SYDNEY (Reuters) – Fewer than half of all Australian voters are supporting a proposal to include an Indigenous advisory body in the constitution that will be put to a referendum later this year, the latest opinion poll showed on Monday.
About 46% will vote yes to having the new advisory body, called the Indigenous “Voice to Parliament”, while 43% would vote no, according to the Newspoll survey published in the Australian newspaper on Monday.
Some 11% say they didn’t know or are undecided.
Aboriginal and Torres Strait Islander people, making up about 3.2% of Australia’s near 26 million population, track below national averages on most socio-economic measures and are not mentioned in the 122-year-old constitution. They were marginalised by British colonial rulers and not granted voting rights until the 1960s.
The poll comes just days after the referendum legislation cleared its first parliamentary hurdle as it was passed in the House of Representatives.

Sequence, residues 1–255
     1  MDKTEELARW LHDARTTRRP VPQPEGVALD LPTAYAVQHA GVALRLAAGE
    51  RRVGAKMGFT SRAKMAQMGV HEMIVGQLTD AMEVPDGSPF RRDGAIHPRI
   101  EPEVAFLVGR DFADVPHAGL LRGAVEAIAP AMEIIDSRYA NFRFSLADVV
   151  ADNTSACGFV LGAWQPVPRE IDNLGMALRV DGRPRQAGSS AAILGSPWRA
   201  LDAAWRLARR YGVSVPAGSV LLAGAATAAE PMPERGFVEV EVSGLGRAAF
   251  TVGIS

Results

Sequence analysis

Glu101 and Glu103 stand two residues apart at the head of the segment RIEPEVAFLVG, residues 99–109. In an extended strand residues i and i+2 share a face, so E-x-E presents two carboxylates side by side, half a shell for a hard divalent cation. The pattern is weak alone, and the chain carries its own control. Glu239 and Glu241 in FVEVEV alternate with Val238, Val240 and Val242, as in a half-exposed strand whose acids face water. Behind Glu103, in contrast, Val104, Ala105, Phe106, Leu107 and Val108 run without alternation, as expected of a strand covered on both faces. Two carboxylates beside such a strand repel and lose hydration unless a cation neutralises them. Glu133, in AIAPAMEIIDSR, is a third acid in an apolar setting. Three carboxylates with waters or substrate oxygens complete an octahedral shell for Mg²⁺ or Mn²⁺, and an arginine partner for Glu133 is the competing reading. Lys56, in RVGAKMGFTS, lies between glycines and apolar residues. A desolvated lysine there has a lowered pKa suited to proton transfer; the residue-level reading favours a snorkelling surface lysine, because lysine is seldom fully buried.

This is the first survey to poll voters on the precise question they will be asked at the ballot box when the referendum is held, expected between October and December.
Prime Minister Anthony Albanese’ government has been backing the referendum and has staked significant political capital on it. Top sporting codes and several major corporations have proclaimed support for the campaign.
But support for the campaign has been dipping in recent weeks. Another poll last month found the yes vote dipping to 53% from 58% earlier this year.
Groups opposing the constitutional change strengthened their campaign and urged people to vote ‘No’ in the referendum. While a majority of Indigenous people support the Voice, others argue it is a distraction from achieving practical and positive outcomes.
(Reporting by Praveen Menon; editing by Ediring by Michael Perry)